### Bookshelf

 Total GMAT Math Jeff's complete Quant guide, on sale now!
 Total GMAT Verbal Everything you need to ace GMAT Verbal!
 New: GMAT 111 Improve every aspect of your GMAT prep!

1,800 Practice Math Questions

GMAT Official Guide
OG Math | OG Verbal

Guides To the Official Guide
Free: OG12 explanations!

GMAT Question of the Day

Beginner's Guide to the GMAT

GMAT Hacks Affiliate Program

### Resources

MBA.com
GMAC Official Site
Free GMATPrep Practice Tests

Stacy Blackman Consulting
Book | Essay Guides

GRE HQ
Total GRE Math

Ultimate SAT Verbal

## Official Guide Explanation:Problem Solving #66

Background

This is just one of hundreds of free explanations I've created to the quantitative questions in The Official Guide for GMAT Review (12th ed.). Click the links on the question number, difficulty level, and categories to find explanations for other problems.

These are the same explanations that are featured in my "Guides to the Official Guide" PDF booklets. However, because of the limitations of HTML and cross-browser compatibility, some mathematical concepts, such as fractions and roots, do not display as clearly online.

Question: 66
Page: 161
Difficulty: 6 (Moderately Difficult)
Category 1: Arithmetic > Ratio and Proportion >

Explanation: This question gives us three ratios and asks us to combine them to generate a fourth. There are a total of four variables: The number of first, second, third, and fourth graders. To avoid the confusion of "first" and "fourth" starting with the same letter, call the variables a, b, c, and d, respectively.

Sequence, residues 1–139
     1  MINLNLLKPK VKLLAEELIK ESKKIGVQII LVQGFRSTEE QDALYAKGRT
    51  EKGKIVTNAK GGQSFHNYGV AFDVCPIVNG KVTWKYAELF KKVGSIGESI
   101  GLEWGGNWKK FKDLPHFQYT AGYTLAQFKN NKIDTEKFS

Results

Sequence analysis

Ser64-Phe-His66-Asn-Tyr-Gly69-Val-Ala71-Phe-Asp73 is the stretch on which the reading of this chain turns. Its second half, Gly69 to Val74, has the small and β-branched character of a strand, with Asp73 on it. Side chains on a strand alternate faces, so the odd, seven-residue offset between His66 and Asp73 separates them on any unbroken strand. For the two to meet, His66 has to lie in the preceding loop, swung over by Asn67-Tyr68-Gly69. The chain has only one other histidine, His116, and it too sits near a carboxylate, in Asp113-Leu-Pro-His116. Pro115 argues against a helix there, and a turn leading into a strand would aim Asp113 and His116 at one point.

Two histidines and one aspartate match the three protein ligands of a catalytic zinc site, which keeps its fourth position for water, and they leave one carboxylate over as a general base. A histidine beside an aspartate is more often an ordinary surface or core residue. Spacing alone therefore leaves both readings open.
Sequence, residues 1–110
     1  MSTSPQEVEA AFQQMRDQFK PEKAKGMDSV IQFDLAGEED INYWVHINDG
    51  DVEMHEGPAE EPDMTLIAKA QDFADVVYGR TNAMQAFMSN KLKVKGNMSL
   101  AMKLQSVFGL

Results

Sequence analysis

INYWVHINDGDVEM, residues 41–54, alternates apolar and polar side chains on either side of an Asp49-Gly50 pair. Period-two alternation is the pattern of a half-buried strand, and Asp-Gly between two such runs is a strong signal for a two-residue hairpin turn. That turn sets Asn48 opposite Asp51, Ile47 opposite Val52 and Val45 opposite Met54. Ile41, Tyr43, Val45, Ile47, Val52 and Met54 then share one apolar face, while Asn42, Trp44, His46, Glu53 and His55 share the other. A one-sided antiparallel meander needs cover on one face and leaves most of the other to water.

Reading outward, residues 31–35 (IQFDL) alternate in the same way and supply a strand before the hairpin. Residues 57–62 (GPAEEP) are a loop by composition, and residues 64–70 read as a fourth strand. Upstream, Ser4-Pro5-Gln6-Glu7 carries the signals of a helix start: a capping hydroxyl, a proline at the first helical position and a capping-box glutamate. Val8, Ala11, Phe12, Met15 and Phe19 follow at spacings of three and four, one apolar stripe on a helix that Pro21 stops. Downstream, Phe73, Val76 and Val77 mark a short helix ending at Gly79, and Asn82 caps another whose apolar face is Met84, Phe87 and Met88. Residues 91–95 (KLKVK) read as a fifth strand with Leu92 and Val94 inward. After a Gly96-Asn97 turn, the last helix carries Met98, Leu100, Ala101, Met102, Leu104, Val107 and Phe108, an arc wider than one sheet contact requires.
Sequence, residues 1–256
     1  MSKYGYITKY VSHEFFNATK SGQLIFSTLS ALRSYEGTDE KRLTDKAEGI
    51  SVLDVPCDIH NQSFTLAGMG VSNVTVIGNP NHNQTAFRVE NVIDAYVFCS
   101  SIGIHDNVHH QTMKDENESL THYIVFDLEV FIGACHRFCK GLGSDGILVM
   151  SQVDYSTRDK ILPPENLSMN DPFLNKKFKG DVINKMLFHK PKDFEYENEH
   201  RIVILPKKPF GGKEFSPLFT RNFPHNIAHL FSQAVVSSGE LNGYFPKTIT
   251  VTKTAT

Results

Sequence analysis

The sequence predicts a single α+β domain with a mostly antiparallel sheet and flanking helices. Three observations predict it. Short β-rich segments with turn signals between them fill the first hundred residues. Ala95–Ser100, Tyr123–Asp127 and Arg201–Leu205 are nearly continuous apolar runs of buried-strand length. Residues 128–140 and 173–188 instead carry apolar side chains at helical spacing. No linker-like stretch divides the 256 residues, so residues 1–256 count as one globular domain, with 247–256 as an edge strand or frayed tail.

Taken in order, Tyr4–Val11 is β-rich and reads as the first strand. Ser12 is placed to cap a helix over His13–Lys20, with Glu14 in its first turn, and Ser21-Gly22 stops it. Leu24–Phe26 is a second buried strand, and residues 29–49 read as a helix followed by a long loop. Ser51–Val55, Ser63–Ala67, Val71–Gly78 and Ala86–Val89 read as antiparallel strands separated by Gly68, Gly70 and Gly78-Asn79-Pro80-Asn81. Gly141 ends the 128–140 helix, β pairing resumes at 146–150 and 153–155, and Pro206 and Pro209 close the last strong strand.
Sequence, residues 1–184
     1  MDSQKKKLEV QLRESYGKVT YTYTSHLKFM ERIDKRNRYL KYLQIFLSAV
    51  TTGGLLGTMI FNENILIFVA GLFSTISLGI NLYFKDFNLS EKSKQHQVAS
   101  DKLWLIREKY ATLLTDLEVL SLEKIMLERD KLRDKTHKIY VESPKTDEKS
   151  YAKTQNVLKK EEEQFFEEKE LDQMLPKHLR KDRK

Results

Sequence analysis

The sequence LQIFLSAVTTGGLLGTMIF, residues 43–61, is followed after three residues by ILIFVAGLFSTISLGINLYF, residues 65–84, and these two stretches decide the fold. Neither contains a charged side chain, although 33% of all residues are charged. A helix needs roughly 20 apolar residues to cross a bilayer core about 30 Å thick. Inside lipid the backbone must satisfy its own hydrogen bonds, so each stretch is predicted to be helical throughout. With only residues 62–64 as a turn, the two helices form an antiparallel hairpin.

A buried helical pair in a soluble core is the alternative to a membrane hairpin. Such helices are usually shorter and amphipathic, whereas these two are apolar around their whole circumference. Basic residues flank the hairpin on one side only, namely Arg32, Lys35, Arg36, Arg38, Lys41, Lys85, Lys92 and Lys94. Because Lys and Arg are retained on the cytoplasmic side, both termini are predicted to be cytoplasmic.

Here are the given ratios:

b:d = 8:5

a:b = 3:4

c:d = 3:2

We're looking for a:c.

Combining ratios is much like finding common denominators. To combine the first two, we'll need the value for b to be the same. If a:b = 3:4, the ratio is equivalent to 6:8. Now the first two ratios have the same value of b, 8. Thus, the ratio of a:b:d = 6:8:5, or:

a:d = 6:5

Now, to relate a and c, combine this new ratio with c:d = 3:2. Since d is the common term, multiply each ratio so that d = 10:

a:d = 12:10

c:d = 15:10

Now, a:d:c = 12:10:15, or a:c = 12:15, which simplifies to 4:5, choice (E).

 You should follow me on Twitter. While you're at it, take a moment to subscribe to GMAT Hacks via RSS or Email.

 Total GMAT Math The comprehensive guide to the GMAT Quant section. It's "far and away the best study material available," including over 300 realistic practice questions and more than 500 exercises! Click to read more.